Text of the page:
Confirm Action

Are you sure you wish to do this?

Confirm Cancel
Member Login

Site Notices
Posted: 8/19/2004 3:43:33 PM EDT
[Last Edit: 8/19/2004 5:13:12 PM EDT by sgtstinger]
We lost a Great American this past Sunday...

A man I'm proud to have been able to call "Friend", Ernie Zayat.

I only had the pleasure of knowing Ernie for a little over four years.

I want to share this with you folks here because he REALLY REALLY was a good guy...(I'm tearing up a little right now)

Ernie was from a Lebanese family in Brooklyn and was drafted in 1943. "I didn't know what I was gonna do...", he told me on a couple of occasions, "I mean, I was a real Momma's Boy hanging onto her apron strings."

The self-described Lebanese Momma's Boy from Brooklyn, New York would become a man soon enough...

On June the 6th, 1944, Private Ernie Zayat found himself in the 237th Engineer Combat Battalion of the 1st Inantry Division...going ashore on Omaha Beach in the first wave of the D-Day landings.

He nearly died as he was scrambling off of the landing craft. "I was carrying 90 pounds of TNT on my shoulders and wasn't balanced very well...my hobnail boots slipped on the wet ramp and I fell of off the side. The coxswain running the landing craft I was on had the engines gunned to hold her on the beach and it was making a big suction of water going towards the propeller. I was caught in the current and being sucked under...I thought I was going to get pulled into the propeller and get chewed up or drowned. Thank God my Lieutenant grabbed me and pulled me up on the beach. He saved my life."

Ernie later found out that his Lieutenant was killed by machine-gun fire shortly afterwards.

Ernie began to try to dig a hole to get into..."My Sergeant began yelling to get my attention. He had found a bit of a protected spot about 20 yards away and was yelling for me to come join him. I was about to run over there when he got hit by a mortar shell, I mean it was direct hit. I saw my Sergeant blown to bits right in front of me. A couple of little pieces hit me..."

Ernie saw action in the Battle of the Bulge, but he didn't talk too much about it. Mostly he said that it was cold and that he did what he had to do. I didn't ask too many questions about it.

He also fought in the battle of Aachen. He had become friends with another soldier who was from a few blocks away back in Brooklyn. "Boy, it was great to be able to talk to someone who knew some of the same places that I did."

During some of the more intense fighting, Ernie's friend was badly wounded in the leg.

"The calf of one of his legs was partially shot away...I mean it was just flappin' around."

Ernie and another soldier grabbed a couple of pieces of wood and ran over to where his buddy was laying. All this time they're being shot at by the enemy. They used they wood to carry his wounded buddy to some cover and got him some medical attention.

"When they took him away, I thought I'd never see him again. Was I ever wrong. A couple of years after the war, I was walking down the street in my old neighborhood and hear this voice yelling my name...I look around and it's my buddy I helped over in Aachen. He's walking with limp, but he's walking. He comes up to me and we start hugging and laughing and crying like a couple of little kids. He's thanking me for getting him out of there and saving his life. And I tell him that it's alright 'cause I know he'd have done the same thing for me."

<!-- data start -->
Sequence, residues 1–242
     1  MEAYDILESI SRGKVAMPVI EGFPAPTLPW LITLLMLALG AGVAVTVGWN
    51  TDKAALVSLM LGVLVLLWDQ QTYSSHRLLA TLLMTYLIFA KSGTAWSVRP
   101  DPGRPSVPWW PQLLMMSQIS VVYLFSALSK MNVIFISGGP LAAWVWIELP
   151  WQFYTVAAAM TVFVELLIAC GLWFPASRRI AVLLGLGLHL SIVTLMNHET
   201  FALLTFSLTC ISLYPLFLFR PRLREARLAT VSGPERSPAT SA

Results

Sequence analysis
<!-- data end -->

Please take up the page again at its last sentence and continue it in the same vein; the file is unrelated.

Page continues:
Ernie made it almost the whole way through all of this without being wounded.

His unit was working on removing some mines from a bridge on the edge of some small town(I never did find out where) in Germany in early April of 1945.

"Some Germans came out of the woods of to the side of the bridge and started shooting. A few mortar shells started landing near us. We all panicked and ran. Some guys tried to run through a grassy area but it had been mined, too. We lost 3 or 4 guys to those damn mines. We kept running until we got back into town a bit. I was REALLY out of breath, but I wasn't in any pain. This medic was going from man to man looking us over and feeling us all over asking if we were alright. When he touched my lower stomach about where my appendix is, it felt like fire and by then I couldn't get a good breath."

They got him on a stretcher and to a Field Hospital.

"I remember that I wasn't quite all the way out and I could feel them begin to work on me down there. It started to hurt REAL BAD and then I was out and don't remember anything else."

Ernie was still recovering in a hospital near Paris, France when the war ended.


I got to know Ernie Zayat when he and my Mother-In-Law began dating a few years ago. It wasn't anything serious, just going out to dinner and to a club that played '40's Big Band Music for some dancing once in a while.

I just wanted to share this with you folks...

Link Posted: 8/19/2004 4:07:07 PM EDT
Rest easy Ernie, youve earned it... and how.

In full respect,

Dram out
Link Posted: 8/19/2004 4:33:02 PM EDT
[Last Edit: 8/19/2004 4:33:18 PM EDT by eodtech2000]

Link Posted: 8/20/2004 7:12:44 PM EDT
Top Top